The Neoplatonic Tradition

Neoplatonism exercised great power among the scholiasts and magicians of the Middle Ages. In fact most of what medievalism knew of Plato was through the medium of the Neoplatonists. In Germany in the fourteenth century it became a vivifying principle, for although its doctrine of emanation was abandoned, its allegorical explanation and its exaltation of the spirit above the letter was retained, and Platonism and mysticism together created a party within the church—the sworn foes of scholasticism and mere lifeless orthodoxy.

In western Europe, Neoplatonism was revived in the Italian Renaissance by figures such as Nicholas Cusanus, Giovanni Pico della Mirandola, Marsilio Ficino, the Medici, Michelangelo, Sandro Botticelli and later Giordano Bruno. Platonism in the Renaissance was a major force in European cultural life.

Plotinus

Neoplatonism as a mystical philosophical system was initiated by Plotinus of Alexandria in 233 C.E. that combined the Platonic philosophy of ancient Greece with later Gnostic spiritual cravings. Although to some extent founded on the teachings of Plato, it was undoubtedly sophisticated by a deep mysticism, which in all probability emanated from Greece.

To a great extent, Neoplatonism colored the thought of medieval mysticism and magic. Plotinus, its founder, commenced the study of philosophy in Alexandria at the age of 28. He early experienced an earnest desire to reach the truth concerning existence, and to that end made a deep study of the dialogues of Plato and the metaphysics of Aristotle. He practiced severe austerities and attempted to live what he called the "angelic" life, or the life of the disembodied in the body.

He was greatly drawn to Apollonius of Tyana by reading his Life by Philostratus. The union of philosopher and priest in the character of Apollonius fired the imagination of Plotinus, and in his Pythagorean teachings the young student discovered the elements of both Orientalism and Platonism, for both Pythagoras and Plato strove to escape the sensuous and to realize in contemplative abstraction the tranquility, superior to desire and passion, that made men approach the gods.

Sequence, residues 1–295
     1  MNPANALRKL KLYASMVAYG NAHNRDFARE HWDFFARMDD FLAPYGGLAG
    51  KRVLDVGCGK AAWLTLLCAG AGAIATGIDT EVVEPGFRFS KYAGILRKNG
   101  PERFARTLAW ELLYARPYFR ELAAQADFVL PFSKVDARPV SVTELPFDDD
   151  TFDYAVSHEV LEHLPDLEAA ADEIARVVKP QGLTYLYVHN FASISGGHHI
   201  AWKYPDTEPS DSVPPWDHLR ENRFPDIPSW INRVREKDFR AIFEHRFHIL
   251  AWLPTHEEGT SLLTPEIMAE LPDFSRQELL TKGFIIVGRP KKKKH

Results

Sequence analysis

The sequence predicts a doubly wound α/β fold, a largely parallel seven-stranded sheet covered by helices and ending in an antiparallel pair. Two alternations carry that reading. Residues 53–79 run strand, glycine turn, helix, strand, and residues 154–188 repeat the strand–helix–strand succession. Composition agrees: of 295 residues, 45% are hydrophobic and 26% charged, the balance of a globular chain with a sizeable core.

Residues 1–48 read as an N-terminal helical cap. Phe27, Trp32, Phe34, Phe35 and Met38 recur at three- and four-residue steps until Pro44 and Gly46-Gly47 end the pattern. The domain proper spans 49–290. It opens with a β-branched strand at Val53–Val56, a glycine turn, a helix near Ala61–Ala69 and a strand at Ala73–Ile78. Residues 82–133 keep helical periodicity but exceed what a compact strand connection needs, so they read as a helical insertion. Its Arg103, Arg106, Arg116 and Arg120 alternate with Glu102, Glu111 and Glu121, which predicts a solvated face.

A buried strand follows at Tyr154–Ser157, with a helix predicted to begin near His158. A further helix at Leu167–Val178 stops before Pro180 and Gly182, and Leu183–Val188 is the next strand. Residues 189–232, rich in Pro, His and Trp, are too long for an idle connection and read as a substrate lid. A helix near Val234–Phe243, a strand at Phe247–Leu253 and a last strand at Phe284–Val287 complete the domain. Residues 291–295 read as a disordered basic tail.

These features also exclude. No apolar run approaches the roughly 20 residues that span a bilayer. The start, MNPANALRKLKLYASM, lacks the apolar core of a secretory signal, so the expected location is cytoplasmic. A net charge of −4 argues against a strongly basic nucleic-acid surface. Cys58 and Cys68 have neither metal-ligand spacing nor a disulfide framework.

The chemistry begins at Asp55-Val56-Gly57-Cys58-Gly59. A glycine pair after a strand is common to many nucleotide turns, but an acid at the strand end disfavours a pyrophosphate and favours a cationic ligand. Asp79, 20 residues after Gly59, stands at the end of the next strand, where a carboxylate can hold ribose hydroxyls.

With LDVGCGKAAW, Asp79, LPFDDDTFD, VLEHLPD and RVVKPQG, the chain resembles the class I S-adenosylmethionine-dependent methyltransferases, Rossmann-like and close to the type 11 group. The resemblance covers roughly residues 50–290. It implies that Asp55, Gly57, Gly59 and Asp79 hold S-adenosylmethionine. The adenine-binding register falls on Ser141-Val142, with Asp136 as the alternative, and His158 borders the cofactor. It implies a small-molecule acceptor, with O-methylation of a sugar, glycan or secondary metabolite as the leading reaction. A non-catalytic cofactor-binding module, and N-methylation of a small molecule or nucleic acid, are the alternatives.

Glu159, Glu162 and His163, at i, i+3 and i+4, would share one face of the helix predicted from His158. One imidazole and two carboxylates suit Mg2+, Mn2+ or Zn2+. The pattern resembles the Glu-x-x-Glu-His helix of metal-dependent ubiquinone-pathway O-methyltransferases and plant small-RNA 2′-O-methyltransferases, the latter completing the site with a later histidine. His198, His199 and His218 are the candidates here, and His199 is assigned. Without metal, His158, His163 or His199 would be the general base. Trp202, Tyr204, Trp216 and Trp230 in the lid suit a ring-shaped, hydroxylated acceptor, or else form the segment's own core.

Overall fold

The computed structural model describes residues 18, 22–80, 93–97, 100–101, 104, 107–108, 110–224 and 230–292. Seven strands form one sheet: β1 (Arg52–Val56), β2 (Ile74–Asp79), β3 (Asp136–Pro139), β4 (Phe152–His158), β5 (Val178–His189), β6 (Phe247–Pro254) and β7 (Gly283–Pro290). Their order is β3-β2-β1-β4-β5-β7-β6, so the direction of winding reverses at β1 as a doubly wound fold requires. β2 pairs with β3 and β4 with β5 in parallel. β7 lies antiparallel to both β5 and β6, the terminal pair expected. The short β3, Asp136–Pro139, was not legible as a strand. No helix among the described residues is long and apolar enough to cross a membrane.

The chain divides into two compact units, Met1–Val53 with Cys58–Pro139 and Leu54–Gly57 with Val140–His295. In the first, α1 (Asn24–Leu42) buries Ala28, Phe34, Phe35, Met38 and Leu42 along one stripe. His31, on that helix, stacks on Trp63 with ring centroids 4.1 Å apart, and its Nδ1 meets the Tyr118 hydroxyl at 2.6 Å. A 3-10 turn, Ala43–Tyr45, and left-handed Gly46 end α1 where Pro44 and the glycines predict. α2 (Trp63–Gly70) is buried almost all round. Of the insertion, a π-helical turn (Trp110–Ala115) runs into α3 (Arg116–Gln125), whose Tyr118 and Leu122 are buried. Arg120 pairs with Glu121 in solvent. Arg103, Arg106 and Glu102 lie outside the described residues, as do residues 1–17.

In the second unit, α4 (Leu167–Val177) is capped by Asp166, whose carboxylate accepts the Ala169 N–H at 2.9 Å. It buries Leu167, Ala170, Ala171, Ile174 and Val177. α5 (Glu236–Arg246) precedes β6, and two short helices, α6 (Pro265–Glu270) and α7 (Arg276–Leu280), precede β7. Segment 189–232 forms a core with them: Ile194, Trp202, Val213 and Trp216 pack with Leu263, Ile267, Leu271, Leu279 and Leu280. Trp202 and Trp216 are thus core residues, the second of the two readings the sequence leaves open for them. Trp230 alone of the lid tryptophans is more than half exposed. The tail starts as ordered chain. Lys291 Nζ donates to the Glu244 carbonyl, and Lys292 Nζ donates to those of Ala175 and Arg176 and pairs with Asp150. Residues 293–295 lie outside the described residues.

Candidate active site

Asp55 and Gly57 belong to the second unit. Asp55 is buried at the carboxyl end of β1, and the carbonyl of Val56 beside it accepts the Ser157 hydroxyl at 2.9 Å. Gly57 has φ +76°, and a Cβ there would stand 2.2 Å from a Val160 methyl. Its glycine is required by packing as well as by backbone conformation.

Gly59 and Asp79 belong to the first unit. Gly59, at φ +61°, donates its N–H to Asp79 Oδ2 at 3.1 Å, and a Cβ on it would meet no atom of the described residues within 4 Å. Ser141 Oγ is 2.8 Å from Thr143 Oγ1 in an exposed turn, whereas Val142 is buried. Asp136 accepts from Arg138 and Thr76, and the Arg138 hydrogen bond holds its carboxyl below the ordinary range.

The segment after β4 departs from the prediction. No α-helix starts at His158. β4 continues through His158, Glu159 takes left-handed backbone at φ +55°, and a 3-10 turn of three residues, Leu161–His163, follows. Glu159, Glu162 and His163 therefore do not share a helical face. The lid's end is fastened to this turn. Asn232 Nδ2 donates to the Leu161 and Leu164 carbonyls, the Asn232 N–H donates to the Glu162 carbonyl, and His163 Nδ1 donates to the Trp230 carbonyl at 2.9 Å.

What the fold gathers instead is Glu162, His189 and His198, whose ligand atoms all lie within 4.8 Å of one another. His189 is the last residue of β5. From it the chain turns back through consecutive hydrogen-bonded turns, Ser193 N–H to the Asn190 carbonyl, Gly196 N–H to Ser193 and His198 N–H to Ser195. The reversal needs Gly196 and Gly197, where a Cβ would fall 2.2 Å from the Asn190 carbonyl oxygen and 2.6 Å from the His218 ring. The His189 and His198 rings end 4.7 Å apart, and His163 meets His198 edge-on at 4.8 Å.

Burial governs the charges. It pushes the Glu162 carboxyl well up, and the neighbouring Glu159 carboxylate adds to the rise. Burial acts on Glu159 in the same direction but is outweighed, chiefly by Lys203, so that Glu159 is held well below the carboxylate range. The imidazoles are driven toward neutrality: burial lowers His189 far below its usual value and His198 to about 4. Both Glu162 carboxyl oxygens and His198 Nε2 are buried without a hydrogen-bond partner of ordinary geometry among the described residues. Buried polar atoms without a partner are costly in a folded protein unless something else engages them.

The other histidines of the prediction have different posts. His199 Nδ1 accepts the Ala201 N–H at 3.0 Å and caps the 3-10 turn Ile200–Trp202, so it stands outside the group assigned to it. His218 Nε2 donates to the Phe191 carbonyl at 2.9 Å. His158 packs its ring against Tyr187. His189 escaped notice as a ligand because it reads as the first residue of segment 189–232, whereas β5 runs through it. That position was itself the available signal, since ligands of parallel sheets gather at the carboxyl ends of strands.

However, in the hands of the later Pythagoreans and Platonists, the principles of the Hellenic masters were carried off into popular magical speculations. Many of the Pythagoreans joined the various Orphic (mystery religion) associations, becoming little more than itinerant vendors of charms.

It is probable that even before he left Alexandria Plotinus began to absorb some of the gnostic mysticism circulating throughout the Mediterranean Basin. But everywhere he also found a growing indifference to religion as known to the more ancient Greeks and Egyptians. By this time, the pantheons of Greece, Rome, and Egypt had become fused in the worship of Serapis, and this fusion had been forwarded by the works of Plutarch, Apuleius, and Lucian.

The position of metaphysical philosophy at this time was by no means a strong one. In fact, metaphysical emphases had given place to ethical teachings, and philosophy was regarded as a branch of literature, or an elegant recreation. Plotinus persuaded himself that philosophy and religion should be one, and that speculation should be a search after God. It was at this time that he first heard of Ammonius Saccas, who shortly before had been a porter in the streets of Alexandria, and who lectured upon the possibilities of reconciling Plato and Aristotle.

"Skepticism," stated Ammonius, "was death." He recommended men to travel back across the past, and out of the whole bygone world of thought to construct a system greater than any of its parts. This teaching formed an epoch in the life of Plotinus, who was convinced that Platonism, exalted into a species of illuminism and drawing to itself like a magnet all the scattered truths of the bygone ages, could alone preserve mankind from skepticism. He occupied himself only with the most abstract questions concerning knowledge and being.

"Truth," according to Plotinus, "is not the agreement of our comprehension of an external object with the object itself, but rather, the agreement of the mind with itself. For the philosopher the objects we contemplate, and that which contemplates are identical; both are thought." All truth is then easy. Reduce the soul to its most perfect simplicity, and we find it is capable of exploration into the infinite; indeed it becomes one with the infinite. This is the condition of ecstasy, and to accomplish it, a stoical austerity and asceticism was necessary.

The Neoplatonists were thus, like the Gnostics, ascetics and enthusiasts. Plato was neither. According to Plotinus, the mystic contemplates the divine perfection in himself; all worldly things and logical distinctions vanish during the period of ecstasy. This approach has some similarity with the stages of yoga meditation.